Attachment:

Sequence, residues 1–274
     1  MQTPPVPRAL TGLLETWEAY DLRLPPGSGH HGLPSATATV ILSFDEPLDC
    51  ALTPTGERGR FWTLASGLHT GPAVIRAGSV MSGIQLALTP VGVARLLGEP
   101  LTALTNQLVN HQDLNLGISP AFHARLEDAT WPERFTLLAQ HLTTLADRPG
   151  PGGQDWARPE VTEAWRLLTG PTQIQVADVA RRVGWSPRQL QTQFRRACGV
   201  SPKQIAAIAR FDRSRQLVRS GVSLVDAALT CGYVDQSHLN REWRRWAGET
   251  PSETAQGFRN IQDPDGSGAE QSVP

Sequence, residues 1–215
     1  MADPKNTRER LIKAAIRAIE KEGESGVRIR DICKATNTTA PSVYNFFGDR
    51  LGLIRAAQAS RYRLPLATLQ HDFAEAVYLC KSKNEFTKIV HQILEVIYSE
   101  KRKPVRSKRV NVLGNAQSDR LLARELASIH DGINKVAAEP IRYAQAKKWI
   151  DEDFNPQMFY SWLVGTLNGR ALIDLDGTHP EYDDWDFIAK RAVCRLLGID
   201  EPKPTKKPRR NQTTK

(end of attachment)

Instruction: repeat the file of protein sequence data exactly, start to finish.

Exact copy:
Sequence, residues 1–274
     1  MQTPPVPRAL TGLLETWEAY DLRLPPGSGH HGLPSATATV ILSFDEPLDC
    51  ALTPTGERGR FWTLASGLHT GPAVIRAGSV MSGIQLALTP VGVARLLGEP
   101  LTALTNQLVN HQDLNLGISP AFHARLEDAT WPERFTLLAQ HLTTLADRPG
   151  PGGQDWARPE VTEAWRLLTG PTQIQVADVA RRVGWSPRQL QTQFRRACGV
   201  SPKQIAAIAR FDRSRQLVRS GVSLVDAALT CGYVDQSHLN REWRRWAGET
   251  PSETAQGFRN IQDPDGSGAE QSVP

Sequence, residues 1–215
     1  MADPKNTRER LIKAAIRAIE KEGESGVRIR DICKATNTTA PSVYNFFGDR
    51  LGLIRAAQAS RYRLPLATLQ HDFAEAVYLC KSKNEFTKIV HQILEVIYSE
   101  KRKPVRSKRV NVLGNAQSDR LLARELASIH DGINKVAAEP IRYAQAKKWI
   151  DEDFNPQMFY SWLVGTLNGR ALIDLDGTHP EYDDWDFIAK RAVCRLLGID
   201  EPKPTKKPRR NQTTK